Dn=Knr·Dr+Kng·Dg+Knb·Db         Eq. (4)

where Knr, Kng and Knb are constants and will be assumed to be 0.3, 0.5 and 0.2, respectively.

The color conversion constants K'xr, K'xg, K'xb and K'xo are determined by the following procedure. Specifically, neutral densities DN1 and DN2 which are different from each other are selected, and then the record densities of cyan, magenta, yellow and black coloring materials which are optimum for recording colors having the neutral densities DN1 and DN2 are determined. Assuming that the record densities corresponding to the neutral densities DN1 and DN2 are respectively (DN1c, DN1m, DN1y, DN1k) and (DN2c, DN2m, DN2y, DN2k), the color conversion constants Kcr to Kko are produced by: ##EQU2##

When the color conversion constants Kcr to Kko are determined by using the two neutral densities DN1 and DN2 and the record densities (DN1c, DN1m, DN1y, DN1k) and (DN2c, DN2m, DN2y and DN2k) respectively associated with N1 and N2 as stated above, not only the color of an image portion (e.g. ND1=1.5) but also the color of a background portion (DN=0) can be selected as desired and, in addition, an image can be recorded without the tone thereof being affected. This promotes versatile monocolor recording. Such monocolor recording can be implemented by the circuiry shown in FIG. 3, as will become understood from the following description.

Specific neutral densities DN1 (=0) and DN (=1) and their associated record densities Dxc, Dxm, Dxy and Dxk are shown below in Table 4.

              TABLE 4______________________________________         RECORD DENSITYNEUTRAL DENSITY DXc     DXm      DXy   DXk______________________________________DN1      0.000      0.000   0.000  0.000 0.000DN2      1.000      1.000   0.000  0.000 0.000______________________________________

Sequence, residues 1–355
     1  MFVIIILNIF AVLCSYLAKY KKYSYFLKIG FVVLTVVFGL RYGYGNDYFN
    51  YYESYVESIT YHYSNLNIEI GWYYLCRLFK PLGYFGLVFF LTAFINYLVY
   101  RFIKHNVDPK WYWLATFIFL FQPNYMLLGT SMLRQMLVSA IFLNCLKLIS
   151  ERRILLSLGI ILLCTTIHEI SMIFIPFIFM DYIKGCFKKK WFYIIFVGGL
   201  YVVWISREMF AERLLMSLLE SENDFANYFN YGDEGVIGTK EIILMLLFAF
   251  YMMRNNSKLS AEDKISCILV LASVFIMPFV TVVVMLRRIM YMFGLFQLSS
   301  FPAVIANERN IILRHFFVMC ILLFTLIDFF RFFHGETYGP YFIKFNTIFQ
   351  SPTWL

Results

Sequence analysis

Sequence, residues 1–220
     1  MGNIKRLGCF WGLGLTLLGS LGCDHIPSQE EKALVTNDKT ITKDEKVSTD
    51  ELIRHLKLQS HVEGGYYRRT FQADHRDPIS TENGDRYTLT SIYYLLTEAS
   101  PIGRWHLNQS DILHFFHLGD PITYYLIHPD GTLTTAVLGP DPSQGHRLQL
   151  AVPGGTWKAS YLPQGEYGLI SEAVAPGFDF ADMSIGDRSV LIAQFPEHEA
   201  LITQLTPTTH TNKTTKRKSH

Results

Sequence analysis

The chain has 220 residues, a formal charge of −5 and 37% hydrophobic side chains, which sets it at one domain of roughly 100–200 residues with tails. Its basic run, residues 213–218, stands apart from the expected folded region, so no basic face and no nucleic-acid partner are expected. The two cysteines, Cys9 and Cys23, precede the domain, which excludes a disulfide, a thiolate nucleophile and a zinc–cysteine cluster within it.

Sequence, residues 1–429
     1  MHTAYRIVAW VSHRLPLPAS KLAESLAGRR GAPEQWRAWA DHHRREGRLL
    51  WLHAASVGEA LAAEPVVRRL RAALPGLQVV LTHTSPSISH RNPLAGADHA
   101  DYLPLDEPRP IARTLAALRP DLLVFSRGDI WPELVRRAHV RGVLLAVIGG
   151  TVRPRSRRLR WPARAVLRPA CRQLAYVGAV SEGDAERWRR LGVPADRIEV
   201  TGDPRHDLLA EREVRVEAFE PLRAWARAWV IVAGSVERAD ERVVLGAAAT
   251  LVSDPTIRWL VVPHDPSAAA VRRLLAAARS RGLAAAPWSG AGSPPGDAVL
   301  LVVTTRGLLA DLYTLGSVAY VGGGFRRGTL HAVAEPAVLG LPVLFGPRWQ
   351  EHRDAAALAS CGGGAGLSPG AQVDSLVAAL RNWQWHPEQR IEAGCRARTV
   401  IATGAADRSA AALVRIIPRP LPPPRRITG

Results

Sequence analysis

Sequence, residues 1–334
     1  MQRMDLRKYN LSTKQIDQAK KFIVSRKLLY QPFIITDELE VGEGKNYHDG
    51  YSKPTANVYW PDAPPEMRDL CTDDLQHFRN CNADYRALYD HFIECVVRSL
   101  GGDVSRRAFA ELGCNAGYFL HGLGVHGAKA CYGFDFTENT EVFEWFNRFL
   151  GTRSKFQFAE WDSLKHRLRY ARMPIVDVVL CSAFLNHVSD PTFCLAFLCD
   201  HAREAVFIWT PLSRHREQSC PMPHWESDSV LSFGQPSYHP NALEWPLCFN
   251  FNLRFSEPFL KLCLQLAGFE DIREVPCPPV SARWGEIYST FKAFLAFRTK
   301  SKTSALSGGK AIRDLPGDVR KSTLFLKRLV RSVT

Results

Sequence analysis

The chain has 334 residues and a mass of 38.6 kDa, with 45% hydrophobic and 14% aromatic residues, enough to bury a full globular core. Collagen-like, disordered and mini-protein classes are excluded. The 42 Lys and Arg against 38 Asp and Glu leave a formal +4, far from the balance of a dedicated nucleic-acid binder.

Specific color conversion coefficients K'xr, K'xg and K'xb and K'xo in a monocolor mode which were obtained from the data of Table 4 are shown below in Table 5.

              TABLE 5______________________________________K'cr  K'cg    K'cb     K'co  0.300 0.500                                   0.200 0.000K'mr  K'mg    K'mb     K'mo  0.000 0.000                                   0.000 0.000K'yr  K'yg    K'yb     K'yo  0.000 0.000                                   0.000 0.000K'kr  K'kg    K'kb     K'ko  0.000 0.000                                   0.000 0.000______________________________________

FIG. 7A shows a specific document image, while FIG. 7B shows a recorded image associated with the document image. In FIG. 7B, a certain area is provided with an undercolor as indicated by a dash-and-dots line, and other limited areas are rendered in monochromatic colors. Such a recording is produced by color conversion processing which will be described.

FIG. 8A is an external view of the operating unit 106. As shown, the operating unit 106 has a copy start key 801, numeral keys 802, a clear/stop key 803, an interrupt key 804, a set number display 805, a copy number display 806, and touch panel display 807. The touch panel display 807 is constituted by a display and a panel which is affixed to the surface of the display and provided with a plurality of arrays of transparent touch switches. Specifically, it has a display section and an input section which are combined together, i.e., the touch panel display 807 is accessible for selecting various operation modes while displaying the selected modes and input guidances. FIG. 8B shows the screen of the touch panel display 807 is a standard condition. In FIG. 8B, it is possible to select various operation modes such as an undercolor mode, monocolor mode, magnification change mode, etc. When the operator touches the portion of the display 807 which is labeled "UCL", an undercolor mode is set up resulting in the screen being changed to the state shown in FIG. 8C. In the undercolor mode, the operator is allowed to enter the diagonal coordinates (X1, Y1) and (X2, Y2) of a rectangular area which is to be provided with an undercolor and to select a desired undercolor. Specifically, the operator enters the coordinates by pressing the portions labeled "X1", "Y1", "X2" and "Y2" and the numerical keys 802, while entering a desired undercolor by pressing any one of the portions labeled "YELLOW" and "GRAY". The setting of the undercolor is completed when the operator presses the portion labeled "END", and it is cancelled when the operator presses the portion labeled "CANCEL".